The Lachine Canal
Montreal Island and St. Lawrence River, Quebec

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Painting by Ruth McMillan in 1976
Shows the Head of the Rideau Canal Locks in Ottawa, Canada in 1893
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December 18, 2020:

Another picture from page 103 in Steamboat Connections, Montreal to Upper Canada, by Frank Mackey, 2000,
McGill-Queen's University Press, ISBN 0-7735-2055-4
Keywords: James Duncan, Album Jacques Viger

Going from Montreal to Bytown? Catch the stage coach to Lachine first.
Montreal to Lachine Stage Coach, 1839 painting

December 16, 2020: This picture is from page 86 in Steamboat Connections, Montreal to Upper Canada, by Frank Mackey, 2000, McGill-Queen's University Press, ISBN 0-7735-2055-4
Lachine Village and Caugnawaga, c. 1826

October 16, 2020: I am now partly retired and have just created this page to hold some pictures of the Lachine Canal. There was a recession in England and many of the canal workers around Montreal were put out of work. Many of them migrated to Bytown (now Ottawa) to work at building the Rideau Canal. The Lachine Canal was built by 1825. The Rideau Canal, Ottawa to Kingston, was built 1826 to 1832 and I believe that many of the workers on the Lachine Canal migrated to the Rideau Canal works in 1827. For example, my Great Great Grandfather, Lawrence Burns, and his brother Terrence, came to Hull to work on building one of the bridges at Chaudiere Falls in 1827. This bridge was built by labourers working for Philemon Wright. By co-incidence, in 1828, the large dam at Hog's Back also collapsed and most of the labourers who had been working for Philemon Wright at Hull came to Hog's Back and joined the large squatter community there to build (successfully) the dam and locks at Hog's Back. My plan is to document this migration when I have time. I think that my GGGrandfather and his brother were involved in this interprovincial migration.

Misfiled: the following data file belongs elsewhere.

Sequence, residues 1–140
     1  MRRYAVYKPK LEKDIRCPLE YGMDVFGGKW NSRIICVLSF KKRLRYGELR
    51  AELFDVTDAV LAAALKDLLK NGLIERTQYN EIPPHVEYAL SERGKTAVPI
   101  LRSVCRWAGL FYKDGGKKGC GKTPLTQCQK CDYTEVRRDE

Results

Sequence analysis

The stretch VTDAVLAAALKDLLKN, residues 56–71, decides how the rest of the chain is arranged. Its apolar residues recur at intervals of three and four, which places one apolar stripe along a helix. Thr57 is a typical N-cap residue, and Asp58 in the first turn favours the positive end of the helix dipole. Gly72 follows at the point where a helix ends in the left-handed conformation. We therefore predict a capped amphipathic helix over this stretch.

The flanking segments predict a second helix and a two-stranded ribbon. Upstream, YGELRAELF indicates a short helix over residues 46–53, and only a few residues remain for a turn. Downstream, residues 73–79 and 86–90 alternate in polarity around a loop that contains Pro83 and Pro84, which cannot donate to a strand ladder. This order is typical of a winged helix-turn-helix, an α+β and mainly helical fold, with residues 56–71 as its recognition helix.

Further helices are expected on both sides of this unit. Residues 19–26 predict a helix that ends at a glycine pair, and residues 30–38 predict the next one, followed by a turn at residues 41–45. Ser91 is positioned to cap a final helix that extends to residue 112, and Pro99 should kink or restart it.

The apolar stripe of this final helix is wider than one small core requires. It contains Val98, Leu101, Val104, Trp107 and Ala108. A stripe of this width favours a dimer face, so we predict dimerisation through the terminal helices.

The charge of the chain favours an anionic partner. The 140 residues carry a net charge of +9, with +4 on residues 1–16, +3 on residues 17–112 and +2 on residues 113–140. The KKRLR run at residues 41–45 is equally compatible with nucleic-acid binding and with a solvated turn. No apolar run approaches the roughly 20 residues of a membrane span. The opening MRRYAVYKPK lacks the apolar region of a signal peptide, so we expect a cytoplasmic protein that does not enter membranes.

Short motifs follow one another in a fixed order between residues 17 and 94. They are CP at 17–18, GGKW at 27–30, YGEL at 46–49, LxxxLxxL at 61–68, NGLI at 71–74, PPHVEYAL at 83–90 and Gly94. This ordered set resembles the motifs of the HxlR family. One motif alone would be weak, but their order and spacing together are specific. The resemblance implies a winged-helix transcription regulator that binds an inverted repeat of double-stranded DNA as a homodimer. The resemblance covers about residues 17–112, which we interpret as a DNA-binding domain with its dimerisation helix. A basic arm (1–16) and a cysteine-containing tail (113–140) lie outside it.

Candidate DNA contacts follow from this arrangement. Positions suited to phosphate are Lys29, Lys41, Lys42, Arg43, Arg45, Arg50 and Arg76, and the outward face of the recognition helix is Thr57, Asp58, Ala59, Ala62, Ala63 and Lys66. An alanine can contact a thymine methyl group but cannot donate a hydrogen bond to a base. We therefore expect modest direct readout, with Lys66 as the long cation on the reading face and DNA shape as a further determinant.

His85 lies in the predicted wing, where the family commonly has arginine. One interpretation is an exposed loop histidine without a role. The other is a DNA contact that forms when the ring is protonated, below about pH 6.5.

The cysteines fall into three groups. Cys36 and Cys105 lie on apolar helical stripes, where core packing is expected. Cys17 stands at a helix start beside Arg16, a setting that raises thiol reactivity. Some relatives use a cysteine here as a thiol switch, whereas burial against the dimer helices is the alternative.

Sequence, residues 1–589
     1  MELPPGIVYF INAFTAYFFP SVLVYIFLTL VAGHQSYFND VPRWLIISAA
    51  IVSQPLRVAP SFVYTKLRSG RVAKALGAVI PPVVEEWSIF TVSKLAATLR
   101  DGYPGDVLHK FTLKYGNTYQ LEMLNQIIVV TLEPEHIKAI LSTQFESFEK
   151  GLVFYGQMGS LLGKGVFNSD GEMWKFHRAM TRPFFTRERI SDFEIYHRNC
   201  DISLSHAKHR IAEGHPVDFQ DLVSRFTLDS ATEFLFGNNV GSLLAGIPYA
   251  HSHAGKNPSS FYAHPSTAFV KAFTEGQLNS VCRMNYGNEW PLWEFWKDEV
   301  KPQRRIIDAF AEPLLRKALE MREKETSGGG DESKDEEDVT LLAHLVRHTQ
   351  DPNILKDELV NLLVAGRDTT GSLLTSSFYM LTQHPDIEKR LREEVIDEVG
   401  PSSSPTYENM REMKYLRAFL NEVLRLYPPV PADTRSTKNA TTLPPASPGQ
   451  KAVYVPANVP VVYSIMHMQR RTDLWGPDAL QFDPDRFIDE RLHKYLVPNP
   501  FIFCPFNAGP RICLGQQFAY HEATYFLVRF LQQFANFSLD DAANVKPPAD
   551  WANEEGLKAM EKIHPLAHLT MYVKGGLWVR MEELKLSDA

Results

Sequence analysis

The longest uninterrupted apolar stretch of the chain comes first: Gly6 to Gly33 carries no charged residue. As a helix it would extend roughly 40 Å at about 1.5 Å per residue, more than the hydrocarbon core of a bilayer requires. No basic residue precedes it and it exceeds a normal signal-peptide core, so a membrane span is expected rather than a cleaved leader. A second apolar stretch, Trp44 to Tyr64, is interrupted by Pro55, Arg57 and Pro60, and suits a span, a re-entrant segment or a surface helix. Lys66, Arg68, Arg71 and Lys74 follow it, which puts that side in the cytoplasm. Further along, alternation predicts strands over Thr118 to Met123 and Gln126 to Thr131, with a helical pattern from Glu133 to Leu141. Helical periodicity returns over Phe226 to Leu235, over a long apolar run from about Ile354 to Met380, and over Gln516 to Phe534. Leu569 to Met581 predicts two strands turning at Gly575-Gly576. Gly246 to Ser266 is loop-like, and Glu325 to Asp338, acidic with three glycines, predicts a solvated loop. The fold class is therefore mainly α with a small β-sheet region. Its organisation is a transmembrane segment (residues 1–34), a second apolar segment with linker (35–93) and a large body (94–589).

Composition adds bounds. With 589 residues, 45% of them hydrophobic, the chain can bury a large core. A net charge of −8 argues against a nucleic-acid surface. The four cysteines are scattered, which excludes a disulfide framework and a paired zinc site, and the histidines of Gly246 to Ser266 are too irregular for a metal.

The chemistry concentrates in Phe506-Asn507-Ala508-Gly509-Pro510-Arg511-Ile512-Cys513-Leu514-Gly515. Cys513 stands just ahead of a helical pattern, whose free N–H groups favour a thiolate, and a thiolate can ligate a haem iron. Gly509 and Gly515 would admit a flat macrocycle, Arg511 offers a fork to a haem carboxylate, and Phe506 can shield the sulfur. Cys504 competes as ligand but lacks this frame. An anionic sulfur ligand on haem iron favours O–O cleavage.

Here is a picture of a steamer negotiating the Lachine Rapids. It is from the book Death or Canada - The Irish Famine Migration to Toronto, 1847, by Mark G. McGowan, Novalis Publishing Inc., 2009, ISBN 978-2-89646-129-5, page 41.
Steamer in the Lachine Rapids
The following picture is by John Crawford Young who was travelling with Lord Dalhousie up the Ottawa River. Two of the canoes in the picture have covered tops on them so that Dalhousie and his sponsored painters could travel in some comfort.
This painting was done after 1821 by John Crawford Young and it was done on a voyage through Upper Canada with Lord Dalhousie. It was done on a trip by Lord Dalhousie, who was on a voyage through Upper Canada. This painting is from page 95 of the book Lord Dalhousie, Patron and Collector, National Gallery of Canada, 2009, ISBN 978-0-8884-845-1. Painting by Young at Lachine Canal, c. 1825, Dalhousie Trip
New January 26, 2022:
Here is a map showing the origin of the Lachine Canal in Montreal. This map is from page 62 in the book Steamboat Connections - Montreal to Upper Canada, 1816-1843 by Frank Mackey, 2000, ISBN 0-7735-2055-4.



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